Web Design Articles

This section of Impressive Webs features articles covering front-end technologies like HTML, CSS, and JavaScript. Some of these posts are opinion pieces and others are more research-based discussions of standards and best practices, with occasional roundups.

Skills for Front-End Developers

Don't use the N WordAs a front-end developer, I’m constantly trying to learn new skills and technologies and adding to what I already know. Front-end developer job postings, however, vary from posting to posting so the list of different languages, libraries, and technologies that could theoretically fall under the category of front-end developer skills is quite large.

Here’s a list (that I’ll continue to update) containing a wide variety of skills and technologies that I think all front-end developers should be working on learning, at least to some extent. I certainly don’t know all of these, nor do I expect anyone else to.

The list is not necessarily in any particular order, but I tried to keep the more rudimentary stuff at or near the top. Also, many of the items overlap others, so there’s a lot of cross-over within the list. And of course the list has lots of potential for improvements (more on that below).

Are Web Development Search Results Being Manipulated?

Are Web Development Search Results Being Manipulated?I’m not entirely sure what to think of this situation, but it seems to be yet another strong piece of evidence that the people behind W3schools don’t have our best interests in mind.

I’m currently in the process of revamping my CSS3 Click Chart app and I was doing my usual cursory searches for simple JavaScript methods that I often forget the syntax for. Notice what I stumbled across, as shown in the re-enactment below.

The Importance of Website Performance (Sources)

The Importance of Website PerformanceLately in some of my writing projects I’ve had to hunt down sources to demonstrate the importance of web page speed. Usually a quick Google search will pull up some pretty good ones, and I have a few others on file that I can refer to.

I thought I would put together a roundup of some of the ones I’ve been able to find. Web development bloggers, who are constantly promoting the importance of web page speed, should have these types of authoritative sources at their fingertips.

So consider this post the collective evidence for the importance of page speed. Posts are listed from oldest to newest.

Introducing “CSS Basics”

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CSS BasicsOver the last couple of weeks I’ve introduced a new link in the main navigation on this site. It’s a new section called CSS Basics.

I’ve wanted to publish info on really basic CSS stuff, because I think web design should be taught at many levels and beginners should especially be informed of the right way to do things.

Is HTML5 Good for SEO?

Is HTML5 Good for SEO?This is a question that has been answered in a number of different places. Unfortunately, the answers in some instances have not been good ones. In fact, they’ve either been way too optimistic and/or presumptuous — or else just downright wrong.

Also, when we use the term “HTML5″, what exactly are we referring to? HTML5 covers a number of different features and technologies, some of which have nothing to do with SEO. So, generally speaking, when people ask this question, they’re usually referring to HTML5′s new semantic elements. So, I’ll primarily focus on those here.

Cross-Browser CSS Development Workflow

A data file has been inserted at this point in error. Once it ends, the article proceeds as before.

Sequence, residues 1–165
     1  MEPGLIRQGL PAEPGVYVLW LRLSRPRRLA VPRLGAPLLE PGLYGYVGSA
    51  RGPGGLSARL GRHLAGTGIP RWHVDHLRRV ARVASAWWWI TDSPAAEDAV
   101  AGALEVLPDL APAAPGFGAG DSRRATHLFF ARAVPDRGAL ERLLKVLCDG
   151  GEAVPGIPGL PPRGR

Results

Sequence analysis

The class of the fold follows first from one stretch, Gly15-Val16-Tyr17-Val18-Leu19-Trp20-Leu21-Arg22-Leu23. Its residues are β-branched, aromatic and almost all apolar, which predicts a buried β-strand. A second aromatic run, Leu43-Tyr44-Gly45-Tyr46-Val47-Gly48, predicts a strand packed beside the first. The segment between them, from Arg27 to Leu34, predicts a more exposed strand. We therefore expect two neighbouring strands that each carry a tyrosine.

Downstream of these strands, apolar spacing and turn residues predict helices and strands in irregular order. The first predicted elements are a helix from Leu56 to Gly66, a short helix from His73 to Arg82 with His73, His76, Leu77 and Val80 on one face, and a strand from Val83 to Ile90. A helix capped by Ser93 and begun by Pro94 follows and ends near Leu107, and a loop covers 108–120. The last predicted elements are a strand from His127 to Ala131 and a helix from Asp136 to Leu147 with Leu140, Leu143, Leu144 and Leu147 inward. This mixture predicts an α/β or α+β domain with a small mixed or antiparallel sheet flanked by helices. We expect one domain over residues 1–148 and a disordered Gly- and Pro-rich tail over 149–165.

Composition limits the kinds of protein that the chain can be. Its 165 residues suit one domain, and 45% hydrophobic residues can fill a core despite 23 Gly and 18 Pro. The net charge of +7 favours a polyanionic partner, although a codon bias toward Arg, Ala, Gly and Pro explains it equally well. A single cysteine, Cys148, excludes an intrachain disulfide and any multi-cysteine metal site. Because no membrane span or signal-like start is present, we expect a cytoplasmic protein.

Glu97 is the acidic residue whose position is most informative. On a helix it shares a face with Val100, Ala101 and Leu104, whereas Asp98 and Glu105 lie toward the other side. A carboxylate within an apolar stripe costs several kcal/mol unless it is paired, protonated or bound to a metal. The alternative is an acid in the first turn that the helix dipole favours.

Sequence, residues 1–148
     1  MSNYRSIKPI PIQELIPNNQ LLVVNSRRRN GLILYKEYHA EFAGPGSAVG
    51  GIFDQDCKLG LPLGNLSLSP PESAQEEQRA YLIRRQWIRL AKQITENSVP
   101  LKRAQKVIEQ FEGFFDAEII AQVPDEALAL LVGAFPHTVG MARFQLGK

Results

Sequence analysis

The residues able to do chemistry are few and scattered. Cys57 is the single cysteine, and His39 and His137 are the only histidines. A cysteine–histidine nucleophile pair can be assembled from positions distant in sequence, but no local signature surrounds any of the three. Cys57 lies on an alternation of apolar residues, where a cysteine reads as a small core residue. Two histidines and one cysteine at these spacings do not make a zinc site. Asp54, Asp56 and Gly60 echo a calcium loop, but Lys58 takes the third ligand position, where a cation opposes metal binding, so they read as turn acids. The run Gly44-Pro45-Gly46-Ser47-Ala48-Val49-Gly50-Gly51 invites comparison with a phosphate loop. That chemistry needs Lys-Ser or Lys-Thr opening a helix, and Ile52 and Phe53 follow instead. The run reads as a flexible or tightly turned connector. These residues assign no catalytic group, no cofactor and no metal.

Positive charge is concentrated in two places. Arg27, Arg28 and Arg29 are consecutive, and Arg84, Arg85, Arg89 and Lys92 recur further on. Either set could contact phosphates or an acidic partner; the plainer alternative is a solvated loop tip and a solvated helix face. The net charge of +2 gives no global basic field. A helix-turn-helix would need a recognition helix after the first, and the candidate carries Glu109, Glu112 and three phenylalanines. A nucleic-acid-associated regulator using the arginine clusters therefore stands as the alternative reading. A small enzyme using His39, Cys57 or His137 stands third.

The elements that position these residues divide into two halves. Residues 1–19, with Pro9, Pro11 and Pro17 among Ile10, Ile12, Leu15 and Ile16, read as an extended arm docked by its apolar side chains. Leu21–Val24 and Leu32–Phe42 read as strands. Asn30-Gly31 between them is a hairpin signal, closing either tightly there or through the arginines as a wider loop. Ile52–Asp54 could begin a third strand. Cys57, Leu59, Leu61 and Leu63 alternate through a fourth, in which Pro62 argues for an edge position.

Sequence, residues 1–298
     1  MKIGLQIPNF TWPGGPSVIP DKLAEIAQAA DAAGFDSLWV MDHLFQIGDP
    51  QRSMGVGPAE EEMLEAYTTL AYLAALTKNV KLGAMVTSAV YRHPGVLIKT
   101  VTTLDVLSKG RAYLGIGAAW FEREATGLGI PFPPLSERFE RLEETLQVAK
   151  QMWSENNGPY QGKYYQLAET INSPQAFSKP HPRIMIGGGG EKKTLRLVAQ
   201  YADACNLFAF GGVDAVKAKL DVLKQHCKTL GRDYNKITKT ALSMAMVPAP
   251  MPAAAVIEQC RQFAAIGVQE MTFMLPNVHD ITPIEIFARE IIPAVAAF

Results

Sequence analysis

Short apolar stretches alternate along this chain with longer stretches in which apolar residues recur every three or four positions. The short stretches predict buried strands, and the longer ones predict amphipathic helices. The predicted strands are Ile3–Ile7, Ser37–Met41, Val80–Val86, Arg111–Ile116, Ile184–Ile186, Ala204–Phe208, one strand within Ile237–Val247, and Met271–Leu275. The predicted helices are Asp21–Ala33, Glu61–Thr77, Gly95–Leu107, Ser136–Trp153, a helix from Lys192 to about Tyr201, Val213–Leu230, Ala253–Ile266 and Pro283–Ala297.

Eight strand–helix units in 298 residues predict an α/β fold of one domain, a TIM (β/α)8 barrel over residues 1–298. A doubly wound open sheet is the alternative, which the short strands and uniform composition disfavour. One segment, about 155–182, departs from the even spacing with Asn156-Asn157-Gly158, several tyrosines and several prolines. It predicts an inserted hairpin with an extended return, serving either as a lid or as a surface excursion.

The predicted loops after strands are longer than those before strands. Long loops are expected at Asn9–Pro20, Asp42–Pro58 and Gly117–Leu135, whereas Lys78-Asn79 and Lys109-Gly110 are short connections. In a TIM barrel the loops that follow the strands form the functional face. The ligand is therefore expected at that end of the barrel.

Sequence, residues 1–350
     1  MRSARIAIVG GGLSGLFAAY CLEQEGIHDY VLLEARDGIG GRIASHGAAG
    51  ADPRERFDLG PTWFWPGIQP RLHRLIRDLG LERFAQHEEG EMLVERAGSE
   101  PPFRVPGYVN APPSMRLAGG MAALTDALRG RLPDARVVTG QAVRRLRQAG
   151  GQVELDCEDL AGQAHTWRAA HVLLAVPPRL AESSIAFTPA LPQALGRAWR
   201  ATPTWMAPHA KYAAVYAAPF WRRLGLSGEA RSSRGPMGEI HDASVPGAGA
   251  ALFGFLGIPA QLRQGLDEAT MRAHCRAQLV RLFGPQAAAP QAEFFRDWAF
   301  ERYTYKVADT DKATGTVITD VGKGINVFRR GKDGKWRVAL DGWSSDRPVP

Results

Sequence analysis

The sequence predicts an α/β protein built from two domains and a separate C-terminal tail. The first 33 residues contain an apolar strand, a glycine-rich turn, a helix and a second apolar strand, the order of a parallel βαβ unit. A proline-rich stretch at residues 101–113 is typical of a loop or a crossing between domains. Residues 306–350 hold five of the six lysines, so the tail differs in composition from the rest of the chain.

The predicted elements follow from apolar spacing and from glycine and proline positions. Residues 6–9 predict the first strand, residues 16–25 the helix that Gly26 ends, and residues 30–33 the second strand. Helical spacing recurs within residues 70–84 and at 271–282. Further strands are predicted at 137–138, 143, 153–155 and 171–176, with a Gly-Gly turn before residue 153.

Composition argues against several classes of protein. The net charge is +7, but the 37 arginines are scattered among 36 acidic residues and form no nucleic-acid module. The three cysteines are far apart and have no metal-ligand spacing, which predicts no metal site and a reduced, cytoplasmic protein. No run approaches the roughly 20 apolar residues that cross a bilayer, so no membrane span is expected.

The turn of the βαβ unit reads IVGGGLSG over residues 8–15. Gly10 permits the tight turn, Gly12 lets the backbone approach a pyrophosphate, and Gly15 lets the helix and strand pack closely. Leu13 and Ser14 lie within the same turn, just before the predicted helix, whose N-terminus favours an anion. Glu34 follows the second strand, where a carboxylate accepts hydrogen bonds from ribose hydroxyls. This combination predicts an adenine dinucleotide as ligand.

Cross-Browser CSS Development WorkflowMost good developers by now accept the fact that pixel-perfect cross-browser CSS is not only unnecessary, but also totally impossible.

Of course, when we speak of the challenge of “cross-browser” CSS, we’re really saying “How can I make this work in Internet Explorer versions 6-8?” — because those are really the most problematic browsers.

Although I’ve written before about cross-browser CSS, and I still stand by just about every word in that article, I thought I’d reiterate my feelings on this subject by providing what I feel is the best workflow for getting your CSS to be as efficient, hack-free, and maintainable as possible while providing as similar an experience in all supported browsers.

One Thing I Don’t Like About Drop-Down Menus

One Thing I Don't Like About Drop-Down MenusI don’t mind drop-down menus. They give designers and information architects options for using screen space wisely. But I think many sites do themselves a disfavour by using them in an inconsistent manner.

The popular travel site Carnival Cruise Lines is a perfect example of what I’m talking about. I love the design of their site. For a travel website, it’s very good; it’s clean, and professionally designed. But I have one small problem with their drop-down menus.

Rolled Out a New Design

New DesignI got ambitious this past weekend and slapped together a new design for this site. Nothing too drastic, just a basic re-skinning with some layout tweaks.

I’m not going to write a book here to describe it, but I did incorporate some interesting new things that I will probably write about in future articles.

Limitations on Styling Visited Links

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Limitations on Styling Visited LinksYou might remember about a year or so ago, there was some discussion about the potential privacy issues caused by the CSS :visited pseudo-class. In a nutshell, it was discovered that this pseudo-class along with some scripting, could be used by websites to “sniff” your web browsing history.

You can read more about the problem and subsequent solution here and here.

It seems now that most of the latest versions of all browsers have taken measures to combat this issue. Fortunately, you can still style text links using the :visited pseudo-class. This is a good thing, and I hope we always have that ability. Visited links are a staple of the web, and they should remain.